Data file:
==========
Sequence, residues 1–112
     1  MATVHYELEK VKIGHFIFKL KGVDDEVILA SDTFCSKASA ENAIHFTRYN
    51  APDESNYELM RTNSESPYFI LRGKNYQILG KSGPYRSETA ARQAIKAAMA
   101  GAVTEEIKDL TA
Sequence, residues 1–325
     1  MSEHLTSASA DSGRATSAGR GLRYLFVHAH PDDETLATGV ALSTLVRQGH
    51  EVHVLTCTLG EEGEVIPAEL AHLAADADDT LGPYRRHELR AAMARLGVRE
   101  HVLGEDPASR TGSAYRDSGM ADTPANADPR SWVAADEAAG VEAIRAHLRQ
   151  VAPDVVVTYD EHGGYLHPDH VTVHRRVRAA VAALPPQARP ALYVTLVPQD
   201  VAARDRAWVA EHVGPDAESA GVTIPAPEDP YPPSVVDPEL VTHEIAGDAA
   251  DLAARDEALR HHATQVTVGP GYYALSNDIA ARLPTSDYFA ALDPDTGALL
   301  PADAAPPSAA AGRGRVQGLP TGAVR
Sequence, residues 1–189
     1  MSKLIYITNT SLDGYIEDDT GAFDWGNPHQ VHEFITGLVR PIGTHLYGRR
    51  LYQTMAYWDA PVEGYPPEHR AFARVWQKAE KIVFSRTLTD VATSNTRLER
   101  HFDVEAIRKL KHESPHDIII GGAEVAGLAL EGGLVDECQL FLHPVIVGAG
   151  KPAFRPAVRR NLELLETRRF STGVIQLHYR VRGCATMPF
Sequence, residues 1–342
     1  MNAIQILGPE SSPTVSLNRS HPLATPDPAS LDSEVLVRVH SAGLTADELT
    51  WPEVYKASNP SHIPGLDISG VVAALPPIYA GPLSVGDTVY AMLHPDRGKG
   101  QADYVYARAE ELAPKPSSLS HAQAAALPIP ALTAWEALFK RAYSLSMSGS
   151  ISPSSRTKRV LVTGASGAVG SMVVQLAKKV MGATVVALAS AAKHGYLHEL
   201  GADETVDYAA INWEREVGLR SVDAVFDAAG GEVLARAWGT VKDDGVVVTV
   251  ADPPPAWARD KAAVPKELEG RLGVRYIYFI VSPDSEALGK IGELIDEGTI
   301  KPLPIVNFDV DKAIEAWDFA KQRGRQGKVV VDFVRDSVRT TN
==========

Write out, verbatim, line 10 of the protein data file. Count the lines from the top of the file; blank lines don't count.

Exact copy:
   201  VAARDRAWVA EHVGPDAESA GVTIPAPEDP YPPSVVDPEL VTHEIAGDAA